The beautiful island of Antigua has been independent since 1981, yet its centuries-old cocktail of cultures, from Arawak and Carib to West African and British, has given it a delightfully unique flavour. Formal British architecture of the 1700s sits shoulder to shoulder with eye-catching pastel-coloured houses; menus offer creole seafood and spicy stews alongside European fare while the island’s passion for cricket knows no bounds. Our villas here have some of the most idyllic views you’ll find anywhere. Dozens of sheltered coves, with gently curving shores and enticingly clear waters are the jewels in Antigua’s crown while the stunning harbours offer a perfect setting for sleek luxury yachts, motor cruisers and catamarans from all over the world.View villas in Antigua
A fascinating melting pot of cultures, Colonial rule ended in Antigua in 1981 so the ambience here is at once familiar yet enticingly exotic. While small in size, it’s an island with a big personality and a wealth of attractions all within reach of any of our Antigua villas. Learn more about Antigua
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Wherever you’re staying in Antigua, a visit to the capital, St John’s, as well as English Harbour in the south, will give you a sense of the island’s historic significance. In the elegant 18th century former courthouse in St John’s, the Museum of Antigua and Barbuda traces each step of the twin islands’ history, right through to independence. Nearby, Fort James and Fort Barrington, built to deter the French, now offer wonderful views of the town and its harbour, while the impressive St John’s Cathedral is well worth a look.In the south, Horatio Nelson’s former dockyard at English Harbour is now a beautifully restored marina with attractive stone warehouses now converted into shops, galleries and restaurants. Take time to stroll around and admire the magnificent super-yachts now moored in the place of Royal Navy ships.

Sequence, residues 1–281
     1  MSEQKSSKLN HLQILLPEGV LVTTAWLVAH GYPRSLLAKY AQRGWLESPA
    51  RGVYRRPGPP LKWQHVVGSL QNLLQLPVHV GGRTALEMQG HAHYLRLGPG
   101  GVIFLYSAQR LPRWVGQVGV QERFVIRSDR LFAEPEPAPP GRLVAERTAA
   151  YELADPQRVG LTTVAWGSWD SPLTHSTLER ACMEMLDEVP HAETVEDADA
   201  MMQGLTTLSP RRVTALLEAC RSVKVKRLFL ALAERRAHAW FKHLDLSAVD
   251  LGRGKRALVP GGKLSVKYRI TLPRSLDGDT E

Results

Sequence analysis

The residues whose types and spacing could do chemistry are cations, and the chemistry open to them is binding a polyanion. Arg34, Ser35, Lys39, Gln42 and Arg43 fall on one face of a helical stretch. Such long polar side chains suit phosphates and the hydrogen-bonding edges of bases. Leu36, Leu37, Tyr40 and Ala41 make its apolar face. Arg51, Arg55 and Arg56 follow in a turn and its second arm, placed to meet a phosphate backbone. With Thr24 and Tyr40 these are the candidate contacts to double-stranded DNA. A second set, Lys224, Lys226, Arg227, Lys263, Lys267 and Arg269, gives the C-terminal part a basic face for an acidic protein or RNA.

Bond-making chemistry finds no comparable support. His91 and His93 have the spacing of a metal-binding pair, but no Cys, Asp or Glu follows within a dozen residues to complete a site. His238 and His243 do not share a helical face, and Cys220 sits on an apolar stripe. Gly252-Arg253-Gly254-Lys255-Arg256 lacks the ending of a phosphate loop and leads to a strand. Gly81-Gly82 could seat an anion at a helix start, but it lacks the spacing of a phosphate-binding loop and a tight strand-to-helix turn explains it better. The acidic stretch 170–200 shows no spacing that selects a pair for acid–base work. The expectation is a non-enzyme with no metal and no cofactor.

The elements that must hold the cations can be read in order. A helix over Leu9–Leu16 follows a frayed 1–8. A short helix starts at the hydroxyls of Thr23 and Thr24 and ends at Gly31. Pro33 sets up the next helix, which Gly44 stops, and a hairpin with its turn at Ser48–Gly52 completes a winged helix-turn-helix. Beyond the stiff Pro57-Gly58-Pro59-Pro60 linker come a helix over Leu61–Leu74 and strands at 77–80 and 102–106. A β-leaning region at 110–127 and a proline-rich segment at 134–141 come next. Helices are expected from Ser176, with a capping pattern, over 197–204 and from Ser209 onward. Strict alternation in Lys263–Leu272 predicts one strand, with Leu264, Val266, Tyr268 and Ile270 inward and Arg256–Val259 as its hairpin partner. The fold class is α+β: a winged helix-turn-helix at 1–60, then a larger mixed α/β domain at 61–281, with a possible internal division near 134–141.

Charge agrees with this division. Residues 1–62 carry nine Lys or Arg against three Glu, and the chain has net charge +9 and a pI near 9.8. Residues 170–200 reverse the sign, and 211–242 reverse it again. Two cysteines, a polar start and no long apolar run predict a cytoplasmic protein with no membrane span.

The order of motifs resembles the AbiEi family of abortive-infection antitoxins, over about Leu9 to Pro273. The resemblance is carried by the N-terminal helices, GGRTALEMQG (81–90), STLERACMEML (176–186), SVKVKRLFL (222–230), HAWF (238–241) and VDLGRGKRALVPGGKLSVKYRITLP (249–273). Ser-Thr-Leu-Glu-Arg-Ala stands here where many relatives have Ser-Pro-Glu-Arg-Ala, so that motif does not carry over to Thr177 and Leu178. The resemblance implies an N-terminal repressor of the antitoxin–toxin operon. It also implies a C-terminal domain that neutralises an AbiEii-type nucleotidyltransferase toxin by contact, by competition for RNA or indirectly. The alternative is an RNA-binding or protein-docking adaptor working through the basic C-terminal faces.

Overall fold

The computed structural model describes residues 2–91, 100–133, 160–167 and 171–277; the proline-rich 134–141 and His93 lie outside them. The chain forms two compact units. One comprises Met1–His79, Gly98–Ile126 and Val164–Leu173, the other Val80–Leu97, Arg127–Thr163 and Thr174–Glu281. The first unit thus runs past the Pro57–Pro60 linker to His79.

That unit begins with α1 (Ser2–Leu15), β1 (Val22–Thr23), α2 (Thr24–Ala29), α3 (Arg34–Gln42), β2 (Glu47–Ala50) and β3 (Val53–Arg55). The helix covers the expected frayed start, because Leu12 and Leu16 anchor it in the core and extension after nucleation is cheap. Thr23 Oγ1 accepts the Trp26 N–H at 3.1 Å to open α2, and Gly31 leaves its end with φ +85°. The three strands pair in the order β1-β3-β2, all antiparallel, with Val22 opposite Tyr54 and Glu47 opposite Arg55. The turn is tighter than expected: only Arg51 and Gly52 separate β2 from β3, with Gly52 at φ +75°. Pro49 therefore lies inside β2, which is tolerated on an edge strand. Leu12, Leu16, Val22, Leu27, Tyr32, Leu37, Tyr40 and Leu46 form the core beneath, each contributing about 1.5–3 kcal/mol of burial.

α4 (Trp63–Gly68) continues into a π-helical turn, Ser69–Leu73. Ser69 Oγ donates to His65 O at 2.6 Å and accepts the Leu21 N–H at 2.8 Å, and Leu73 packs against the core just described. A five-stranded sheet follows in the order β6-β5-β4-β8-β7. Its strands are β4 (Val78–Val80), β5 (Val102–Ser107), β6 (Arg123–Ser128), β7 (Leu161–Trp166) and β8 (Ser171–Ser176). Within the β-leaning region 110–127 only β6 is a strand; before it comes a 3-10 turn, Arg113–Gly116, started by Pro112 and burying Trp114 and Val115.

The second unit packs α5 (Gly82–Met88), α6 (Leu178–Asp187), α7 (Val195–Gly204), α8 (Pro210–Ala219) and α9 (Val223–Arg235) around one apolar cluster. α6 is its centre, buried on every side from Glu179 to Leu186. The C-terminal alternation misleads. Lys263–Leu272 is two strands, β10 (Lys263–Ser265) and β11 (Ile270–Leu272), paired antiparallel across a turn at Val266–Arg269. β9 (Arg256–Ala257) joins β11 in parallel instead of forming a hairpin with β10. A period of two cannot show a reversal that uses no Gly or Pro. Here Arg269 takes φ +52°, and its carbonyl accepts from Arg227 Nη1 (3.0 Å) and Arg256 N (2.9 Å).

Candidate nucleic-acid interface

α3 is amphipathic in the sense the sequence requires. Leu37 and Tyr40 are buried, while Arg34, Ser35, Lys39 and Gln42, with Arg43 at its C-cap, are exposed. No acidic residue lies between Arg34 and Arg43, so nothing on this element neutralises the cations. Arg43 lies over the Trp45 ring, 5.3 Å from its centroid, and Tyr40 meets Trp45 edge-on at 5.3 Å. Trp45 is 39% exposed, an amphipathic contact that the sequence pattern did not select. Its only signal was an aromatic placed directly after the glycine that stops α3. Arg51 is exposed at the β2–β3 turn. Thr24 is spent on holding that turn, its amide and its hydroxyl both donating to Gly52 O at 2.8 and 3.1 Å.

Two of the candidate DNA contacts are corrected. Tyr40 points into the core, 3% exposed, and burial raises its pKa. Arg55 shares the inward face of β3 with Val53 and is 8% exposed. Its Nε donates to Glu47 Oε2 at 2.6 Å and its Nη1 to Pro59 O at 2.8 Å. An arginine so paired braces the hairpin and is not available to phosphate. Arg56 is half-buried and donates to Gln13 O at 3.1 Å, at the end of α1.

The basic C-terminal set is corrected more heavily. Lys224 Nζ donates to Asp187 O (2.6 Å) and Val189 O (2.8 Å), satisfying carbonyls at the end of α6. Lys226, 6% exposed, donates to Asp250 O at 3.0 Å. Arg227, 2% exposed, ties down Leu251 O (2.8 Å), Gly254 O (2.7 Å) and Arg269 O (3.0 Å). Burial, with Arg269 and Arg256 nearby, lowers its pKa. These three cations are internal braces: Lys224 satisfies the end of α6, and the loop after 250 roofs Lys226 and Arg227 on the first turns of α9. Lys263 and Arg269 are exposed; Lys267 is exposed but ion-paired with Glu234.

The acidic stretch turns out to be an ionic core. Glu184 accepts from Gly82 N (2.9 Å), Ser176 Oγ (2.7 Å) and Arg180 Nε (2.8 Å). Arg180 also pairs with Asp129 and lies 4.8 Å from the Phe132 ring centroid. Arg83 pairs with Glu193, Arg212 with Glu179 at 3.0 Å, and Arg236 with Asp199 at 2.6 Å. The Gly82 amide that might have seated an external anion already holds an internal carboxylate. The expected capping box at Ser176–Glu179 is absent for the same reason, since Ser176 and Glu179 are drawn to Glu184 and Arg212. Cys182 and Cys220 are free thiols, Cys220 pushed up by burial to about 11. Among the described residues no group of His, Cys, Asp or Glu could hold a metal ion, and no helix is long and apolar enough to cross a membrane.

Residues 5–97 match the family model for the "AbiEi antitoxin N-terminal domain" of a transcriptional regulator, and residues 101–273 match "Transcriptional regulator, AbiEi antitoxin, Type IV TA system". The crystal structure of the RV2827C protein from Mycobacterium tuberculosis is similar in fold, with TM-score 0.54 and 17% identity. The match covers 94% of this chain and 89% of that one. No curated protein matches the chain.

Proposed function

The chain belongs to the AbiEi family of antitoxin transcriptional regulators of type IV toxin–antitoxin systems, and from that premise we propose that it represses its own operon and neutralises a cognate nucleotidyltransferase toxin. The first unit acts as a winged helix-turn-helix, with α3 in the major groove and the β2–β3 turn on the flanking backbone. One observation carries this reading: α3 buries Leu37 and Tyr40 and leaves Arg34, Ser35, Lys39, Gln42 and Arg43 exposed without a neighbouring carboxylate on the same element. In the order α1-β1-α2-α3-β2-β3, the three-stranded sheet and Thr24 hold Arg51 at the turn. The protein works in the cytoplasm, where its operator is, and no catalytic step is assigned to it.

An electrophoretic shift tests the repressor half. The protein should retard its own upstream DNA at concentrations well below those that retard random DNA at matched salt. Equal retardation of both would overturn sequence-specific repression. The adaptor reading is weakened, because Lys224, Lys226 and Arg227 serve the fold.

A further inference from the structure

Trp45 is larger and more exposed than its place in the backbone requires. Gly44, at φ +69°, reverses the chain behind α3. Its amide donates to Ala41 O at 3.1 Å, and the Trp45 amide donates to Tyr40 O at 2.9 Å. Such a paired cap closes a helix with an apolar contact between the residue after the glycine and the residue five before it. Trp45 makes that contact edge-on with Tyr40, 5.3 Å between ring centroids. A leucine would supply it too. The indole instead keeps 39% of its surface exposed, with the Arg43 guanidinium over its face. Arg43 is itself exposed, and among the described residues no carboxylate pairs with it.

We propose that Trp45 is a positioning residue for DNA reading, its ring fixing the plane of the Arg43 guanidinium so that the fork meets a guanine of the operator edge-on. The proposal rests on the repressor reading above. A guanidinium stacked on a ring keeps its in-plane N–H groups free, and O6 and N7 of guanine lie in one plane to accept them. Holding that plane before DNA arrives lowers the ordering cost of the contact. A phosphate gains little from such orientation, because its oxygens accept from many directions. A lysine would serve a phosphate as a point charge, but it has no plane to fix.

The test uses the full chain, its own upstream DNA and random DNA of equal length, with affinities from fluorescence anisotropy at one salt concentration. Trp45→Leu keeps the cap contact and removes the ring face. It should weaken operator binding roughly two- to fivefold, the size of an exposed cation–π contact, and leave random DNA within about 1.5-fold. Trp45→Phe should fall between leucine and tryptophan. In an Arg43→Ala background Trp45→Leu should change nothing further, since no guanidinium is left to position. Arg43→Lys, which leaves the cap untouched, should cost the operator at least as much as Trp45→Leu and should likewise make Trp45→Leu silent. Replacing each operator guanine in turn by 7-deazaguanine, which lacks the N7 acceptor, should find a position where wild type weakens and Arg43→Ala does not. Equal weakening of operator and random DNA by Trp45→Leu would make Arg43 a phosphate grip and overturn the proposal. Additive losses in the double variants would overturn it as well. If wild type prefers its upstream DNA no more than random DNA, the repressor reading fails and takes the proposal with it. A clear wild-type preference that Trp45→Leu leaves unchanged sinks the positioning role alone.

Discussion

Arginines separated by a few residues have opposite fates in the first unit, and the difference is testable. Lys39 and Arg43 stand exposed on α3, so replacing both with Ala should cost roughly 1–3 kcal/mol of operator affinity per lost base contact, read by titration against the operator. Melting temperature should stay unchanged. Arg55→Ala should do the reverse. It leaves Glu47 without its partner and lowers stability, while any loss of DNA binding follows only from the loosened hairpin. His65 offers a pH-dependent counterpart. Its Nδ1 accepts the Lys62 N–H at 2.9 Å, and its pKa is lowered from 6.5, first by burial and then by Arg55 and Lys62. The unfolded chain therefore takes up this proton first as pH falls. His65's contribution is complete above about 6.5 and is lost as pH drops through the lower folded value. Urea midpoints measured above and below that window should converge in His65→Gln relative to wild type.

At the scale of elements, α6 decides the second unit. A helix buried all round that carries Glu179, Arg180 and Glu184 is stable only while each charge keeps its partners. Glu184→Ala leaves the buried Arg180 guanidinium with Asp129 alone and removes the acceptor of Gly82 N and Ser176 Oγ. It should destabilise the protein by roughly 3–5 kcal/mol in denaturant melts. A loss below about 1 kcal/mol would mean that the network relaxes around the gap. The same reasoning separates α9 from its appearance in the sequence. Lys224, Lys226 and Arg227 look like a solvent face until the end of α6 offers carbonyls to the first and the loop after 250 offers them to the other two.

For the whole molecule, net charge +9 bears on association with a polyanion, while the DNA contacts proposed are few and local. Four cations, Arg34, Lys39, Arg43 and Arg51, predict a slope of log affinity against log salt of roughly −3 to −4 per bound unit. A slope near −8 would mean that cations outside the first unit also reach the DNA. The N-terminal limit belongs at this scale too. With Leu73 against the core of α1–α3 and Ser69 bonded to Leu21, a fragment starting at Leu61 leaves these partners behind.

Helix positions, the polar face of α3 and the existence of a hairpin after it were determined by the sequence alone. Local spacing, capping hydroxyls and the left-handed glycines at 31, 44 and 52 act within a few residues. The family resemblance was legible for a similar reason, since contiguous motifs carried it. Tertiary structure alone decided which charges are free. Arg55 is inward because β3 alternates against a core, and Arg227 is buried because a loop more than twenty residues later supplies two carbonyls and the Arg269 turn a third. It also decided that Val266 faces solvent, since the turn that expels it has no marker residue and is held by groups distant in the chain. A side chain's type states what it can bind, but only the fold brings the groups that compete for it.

For a change of scene, Fig Tree Drive is a very pretty route around the hills of the southern coast, winding its way through banana plantations, orchards and old sugar mills. Roadside stalls sell freshly picked black pineapple and thirst-quenching juices, and there are wonderful views across the rainforest interior.
As on all the Caribbean islands, good food, great music and fun-loving people means there’s always plenty going on once the sun goes down. From rustic beach bars to chic yacht clubs, reggae to calypso, each town and resort has something special to offer, washed down with a rum punch or two. Many bars offer a happy hour while restaurants, serving both local and international dishes, often feature live music into the night. You can even try your luck at the casino in St John’s.Sunday evenings, however, belong to Shirley Heights, the most famous gig on the island. From around 4pm, locals and visitors alike gather to savour the stunning sunset from the old fortifications above English Harbour as the barbecue party gets underway. The steelband kicks off proceedings, handing over to other local musicians a little later to widen the musical experience. This is a don’t-miss Antiguan institution - and everyone’s invited!